After more than fifty years of toing and froing, Sydney’s second major airport is finally being built. Prime Minister Malcolm Turnbull and Infrastructure Minister Paul Fletcher today signed the final piece of paperwork approving construction of Badgery’s Creek Airport, situated 50km west of Sydney’s CBD.
“This is the most significant step taken by any government on this project,” the Prime Minister said in a statement. “All the approvals are now in place [and] we can now get on with building the airport”. Here’s what you need to know…
Set to open sometime in the mid 2020s, the new airport’s first 3.7 kilometre runway is expected to receive an estimated ten million passengers per year. A second runway is planned for 2050 which will boost the annual number to 37 million. By the time the airport is completed in 2063, it will fly a whopping 82 million passengers every year.
The airport will be constructed alongside related infrastructure projects, including an airport express rail service and station corridor. Western Sydney will also be receiving major road upgrades to accommodate the airport: The Northern Road between Narellan and Penrith will be widened to allow for extra road traffic, at a cost of $3.5 billion.
Badgerys Creek Airport has been a hot topic of debate since the concept was first touted in 1946. The potential impact on local flora and fauna remains vague, with Blue Mountains Council Mayor Mark Greenhill slamming the government’s environmental plans as “incomplete”. Few details have been released on how the airport may impact water, flora, fauna, noise, air quality or flight paths.
To the chagrin of many local residents, Badgery’s Creek Airport will also be operating 24 hours a day. By contrast, Sydney’s Mascot airport operates 16 hours a day. There’s no telling how drastically aircraft noise will affect homes and businesses situated directly under the flight path. (Somewhat unhelpfully, the official Western Sydney Airport website simply instructs you to use a noise modelling tool to “assist in understanding potential noise exposure levels”.)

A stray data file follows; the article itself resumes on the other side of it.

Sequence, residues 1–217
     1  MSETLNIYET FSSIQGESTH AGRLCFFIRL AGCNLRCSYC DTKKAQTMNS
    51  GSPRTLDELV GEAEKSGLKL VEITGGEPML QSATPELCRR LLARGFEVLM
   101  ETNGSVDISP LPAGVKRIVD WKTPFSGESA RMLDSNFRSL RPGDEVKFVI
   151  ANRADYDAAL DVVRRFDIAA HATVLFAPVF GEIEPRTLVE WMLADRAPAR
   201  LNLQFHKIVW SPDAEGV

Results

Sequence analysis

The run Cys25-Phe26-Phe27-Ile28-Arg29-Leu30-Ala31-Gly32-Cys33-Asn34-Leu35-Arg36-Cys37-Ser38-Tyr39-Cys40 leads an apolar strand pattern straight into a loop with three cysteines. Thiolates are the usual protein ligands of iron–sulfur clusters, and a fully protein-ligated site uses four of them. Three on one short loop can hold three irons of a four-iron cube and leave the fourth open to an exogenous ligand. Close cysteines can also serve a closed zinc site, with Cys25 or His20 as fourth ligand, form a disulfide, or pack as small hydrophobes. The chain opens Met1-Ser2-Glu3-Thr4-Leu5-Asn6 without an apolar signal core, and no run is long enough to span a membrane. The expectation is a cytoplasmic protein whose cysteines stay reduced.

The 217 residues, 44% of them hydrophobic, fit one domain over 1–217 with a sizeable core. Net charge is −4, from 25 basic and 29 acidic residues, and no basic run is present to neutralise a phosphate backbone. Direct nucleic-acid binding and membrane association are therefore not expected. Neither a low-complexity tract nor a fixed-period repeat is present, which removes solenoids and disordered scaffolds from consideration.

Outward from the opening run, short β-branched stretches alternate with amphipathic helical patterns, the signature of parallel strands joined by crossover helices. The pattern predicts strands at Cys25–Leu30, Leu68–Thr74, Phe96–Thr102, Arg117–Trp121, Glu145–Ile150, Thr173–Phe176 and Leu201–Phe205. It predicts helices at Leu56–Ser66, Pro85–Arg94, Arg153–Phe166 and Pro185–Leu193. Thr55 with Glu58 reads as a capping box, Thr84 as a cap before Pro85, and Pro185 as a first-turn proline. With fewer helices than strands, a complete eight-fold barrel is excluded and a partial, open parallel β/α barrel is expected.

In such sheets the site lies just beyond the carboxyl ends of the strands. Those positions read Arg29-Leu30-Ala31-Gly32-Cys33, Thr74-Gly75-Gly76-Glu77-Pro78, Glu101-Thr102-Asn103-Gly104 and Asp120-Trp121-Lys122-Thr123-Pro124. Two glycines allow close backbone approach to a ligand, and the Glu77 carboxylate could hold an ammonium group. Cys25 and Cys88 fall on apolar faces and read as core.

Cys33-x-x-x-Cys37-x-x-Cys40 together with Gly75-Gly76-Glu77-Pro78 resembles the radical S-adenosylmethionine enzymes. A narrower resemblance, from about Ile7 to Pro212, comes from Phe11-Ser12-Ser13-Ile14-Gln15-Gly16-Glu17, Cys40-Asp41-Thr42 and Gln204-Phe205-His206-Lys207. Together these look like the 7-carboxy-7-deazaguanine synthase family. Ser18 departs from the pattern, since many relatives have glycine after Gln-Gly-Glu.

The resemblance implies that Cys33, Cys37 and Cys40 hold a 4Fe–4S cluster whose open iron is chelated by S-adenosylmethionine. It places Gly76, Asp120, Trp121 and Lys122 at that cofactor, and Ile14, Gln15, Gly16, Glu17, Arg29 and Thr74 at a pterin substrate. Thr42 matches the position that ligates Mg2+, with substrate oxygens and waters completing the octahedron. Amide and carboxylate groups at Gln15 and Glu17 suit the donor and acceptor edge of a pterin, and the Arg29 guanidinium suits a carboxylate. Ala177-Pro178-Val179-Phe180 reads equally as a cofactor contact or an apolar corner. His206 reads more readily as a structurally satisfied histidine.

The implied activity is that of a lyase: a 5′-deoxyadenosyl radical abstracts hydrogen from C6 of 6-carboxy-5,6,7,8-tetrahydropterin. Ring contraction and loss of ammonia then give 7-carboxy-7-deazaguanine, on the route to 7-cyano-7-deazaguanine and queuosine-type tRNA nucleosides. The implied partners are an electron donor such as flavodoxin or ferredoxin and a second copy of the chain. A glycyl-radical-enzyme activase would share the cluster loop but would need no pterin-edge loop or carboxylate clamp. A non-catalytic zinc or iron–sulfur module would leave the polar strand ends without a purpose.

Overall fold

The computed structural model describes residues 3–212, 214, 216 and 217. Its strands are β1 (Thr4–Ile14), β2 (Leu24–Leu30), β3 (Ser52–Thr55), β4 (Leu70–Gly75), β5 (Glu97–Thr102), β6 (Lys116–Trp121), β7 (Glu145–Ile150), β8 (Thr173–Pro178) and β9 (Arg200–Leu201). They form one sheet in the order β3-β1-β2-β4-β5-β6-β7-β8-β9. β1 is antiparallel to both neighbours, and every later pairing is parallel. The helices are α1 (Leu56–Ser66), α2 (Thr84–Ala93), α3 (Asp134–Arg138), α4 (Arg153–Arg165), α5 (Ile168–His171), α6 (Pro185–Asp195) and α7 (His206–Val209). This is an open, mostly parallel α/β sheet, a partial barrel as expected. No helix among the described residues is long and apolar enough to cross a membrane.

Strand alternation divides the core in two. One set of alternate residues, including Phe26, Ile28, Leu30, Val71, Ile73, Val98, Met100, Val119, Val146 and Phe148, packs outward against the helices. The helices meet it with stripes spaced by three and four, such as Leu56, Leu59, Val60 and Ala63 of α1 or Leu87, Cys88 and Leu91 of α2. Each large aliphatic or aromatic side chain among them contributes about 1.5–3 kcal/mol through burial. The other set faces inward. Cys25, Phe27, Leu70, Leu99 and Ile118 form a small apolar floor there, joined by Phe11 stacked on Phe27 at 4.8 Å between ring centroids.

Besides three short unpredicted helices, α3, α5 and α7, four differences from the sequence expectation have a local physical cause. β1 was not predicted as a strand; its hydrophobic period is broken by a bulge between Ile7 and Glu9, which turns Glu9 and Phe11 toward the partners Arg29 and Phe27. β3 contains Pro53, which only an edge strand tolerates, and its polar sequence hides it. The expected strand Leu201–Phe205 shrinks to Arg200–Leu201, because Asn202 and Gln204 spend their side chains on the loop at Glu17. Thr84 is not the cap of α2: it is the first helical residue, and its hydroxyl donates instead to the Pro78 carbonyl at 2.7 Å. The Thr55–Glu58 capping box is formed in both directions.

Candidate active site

For all the grumbling about aircraft noise, the construction of the airport is expected to improve the lot of current and future residents; at least when it comes to tourism and employment. According to government research, Stage 1 of the airport’s construction will generate 2660 direct and indirect jobs in the peak year of construction activity, plus 8730 direct jobs in airport operations, and 4440 on-site business-park jobs by the early 2030s.
“As the proposed airport grows in response to increasing aviation demand, the economic and employment benefits will also increase. By the early 2060s, the proposed airport is forecast to generate over 60,000 direct jobs and $1.5 billion in value add for the Western Sydney region,” claims the government.
What are your thoughts on Badgerys Creek Airport getting the final green light? Share your opinions in the comments section below!